Namibia aims to strengthen transboundary water management

Niël Terblanché

Namibia must search for opportunities to effectively manage rivers that stretch over international boundaries because it could be a very sensitive political issue.

The country currently is a party to six shared watercourse agreements and a signatory to two international legal instruments aimed at fostering transboundary water resources management and promoting cooperation.

To further strengthen transboundary water management, in 2021, Namibia expressed interest in acceding to the 1992 UNECE Convention on the Protection and Use of Transboundary Watercourses and International Lakes.

In order to achieve the goals, set out to strengthen transboundary water management the country through the Ministry of Agriculture, Water and Land Reform commenced with a collaborative workshop for a project known as the Finland – Namibia Twinning Project on the Water Convention on the Protection and Use of Transboundary Watercourses and International Lakes.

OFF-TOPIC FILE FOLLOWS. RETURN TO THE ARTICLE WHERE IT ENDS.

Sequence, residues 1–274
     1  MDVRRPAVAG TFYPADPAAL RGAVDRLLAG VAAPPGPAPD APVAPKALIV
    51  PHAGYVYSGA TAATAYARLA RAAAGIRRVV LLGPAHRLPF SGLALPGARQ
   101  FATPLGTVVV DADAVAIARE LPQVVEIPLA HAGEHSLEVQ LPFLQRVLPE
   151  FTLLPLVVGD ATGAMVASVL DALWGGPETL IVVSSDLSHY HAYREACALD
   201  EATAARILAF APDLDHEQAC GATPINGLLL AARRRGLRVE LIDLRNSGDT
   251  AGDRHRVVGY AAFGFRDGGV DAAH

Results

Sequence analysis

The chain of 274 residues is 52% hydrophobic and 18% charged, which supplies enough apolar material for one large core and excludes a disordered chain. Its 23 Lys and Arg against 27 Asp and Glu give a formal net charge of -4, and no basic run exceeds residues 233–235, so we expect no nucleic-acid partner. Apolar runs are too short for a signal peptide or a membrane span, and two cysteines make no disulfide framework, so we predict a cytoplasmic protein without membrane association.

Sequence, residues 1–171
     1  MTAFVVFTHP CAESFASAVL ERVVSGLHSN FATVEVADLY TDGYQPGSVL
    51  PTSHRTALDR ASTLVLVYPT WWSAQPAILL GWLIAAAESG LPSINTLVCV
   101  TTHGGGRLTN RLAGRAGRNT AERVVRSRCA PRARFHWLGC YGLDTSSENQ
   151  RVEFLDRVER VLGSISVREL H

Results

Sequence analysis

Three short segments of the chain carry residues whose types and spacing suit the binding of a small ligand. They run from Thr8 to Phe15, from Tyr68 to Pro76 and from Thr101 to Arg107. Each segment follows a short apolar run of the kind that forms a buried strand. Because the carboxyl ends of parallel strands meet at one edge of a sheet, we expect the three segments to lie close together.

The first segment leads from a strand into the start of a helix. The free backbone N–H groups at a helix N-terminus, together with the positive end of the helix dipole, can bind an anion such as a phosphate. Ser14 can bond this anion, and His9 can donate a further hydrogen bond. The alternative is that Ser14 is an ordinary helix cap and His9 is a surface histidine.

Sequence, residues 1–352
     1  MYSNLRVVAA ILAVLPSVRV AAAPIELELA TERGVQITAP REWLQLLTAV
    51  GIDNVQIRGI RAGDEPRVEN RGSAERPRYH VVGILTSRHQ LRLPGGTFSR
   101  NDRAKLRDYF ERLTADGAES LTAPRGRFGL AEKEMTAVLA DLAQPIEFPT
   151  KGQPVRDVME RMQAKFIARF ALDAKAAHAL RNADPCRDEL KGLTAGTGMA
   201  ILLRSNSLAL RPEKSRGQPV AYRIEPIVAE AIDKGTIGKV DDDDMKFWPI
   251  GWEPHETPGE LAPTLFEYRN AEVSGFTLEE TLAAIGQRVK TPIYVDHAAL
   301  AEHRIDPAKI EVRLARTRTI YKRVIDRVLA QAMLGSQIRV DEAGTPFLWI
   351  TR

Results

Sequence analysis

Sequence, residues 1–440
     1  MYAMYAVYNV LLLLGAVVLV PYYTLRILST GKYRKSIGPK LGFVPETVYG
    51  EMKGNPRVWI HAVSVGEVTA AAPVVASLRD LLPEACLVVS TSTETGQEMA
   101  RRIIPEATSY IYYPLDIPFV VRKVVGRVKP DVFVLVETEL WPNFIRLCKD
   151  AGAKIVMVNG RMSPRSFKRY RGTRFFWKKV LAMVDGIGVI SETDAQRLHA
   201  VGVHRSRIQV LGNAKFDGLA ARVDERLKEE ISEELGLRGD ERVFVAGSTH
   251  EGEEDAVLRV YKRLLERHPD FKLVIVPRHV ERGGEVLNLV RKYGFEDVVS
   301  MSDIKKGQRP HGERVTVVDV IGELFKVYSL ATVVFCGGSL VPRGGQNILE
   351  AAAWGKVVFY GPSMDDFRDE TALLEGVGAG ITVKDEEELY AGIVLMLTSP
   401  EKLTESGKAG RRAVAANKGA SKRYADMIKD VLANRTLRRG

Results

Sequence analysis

While officially opening the workshop the Executive Director of the agriculture ministry, Ndiyakupi Nghituwamata, highlighted the importance of global transboundary river basins and said that there are over 263 transboundary river basins all over the world.

Nghituwamata indicated that two or more countries share a third of these transboundary systems, and 15 of the basins are located within the Southern Africa Development Community (SADC)

“The SADC offers excellent examples of how transboundary water cooperation of shared rivers should be managed,” Nghituwamata said.

According to Nghituwamata, these conventions and protocols provide platforms to establish transboundary river basin commissions, and consequently the basis for regional cooperation.

“All over the world, management of international rivers and lakes is a very politically sensitive issue.

But we should always view it not as a source of conflict, but as an opportunity, a catalyst for cooperation,” she said.

According to Nghituwamata, Namibia and Finland, although separated geographically by seas and shared watercourses, enjoy a long history of good relations dating back to the beginning of the 19th century.

“Our two beautiful countries wish to strengthen this cooperation under the framework of transboundary water management and; water cooperation and water diplomacy through engaging in the Twinning Initiative between an experienced party to the Water Convention and an incoming or new party to the convention,” she said.

The workshop will end today.

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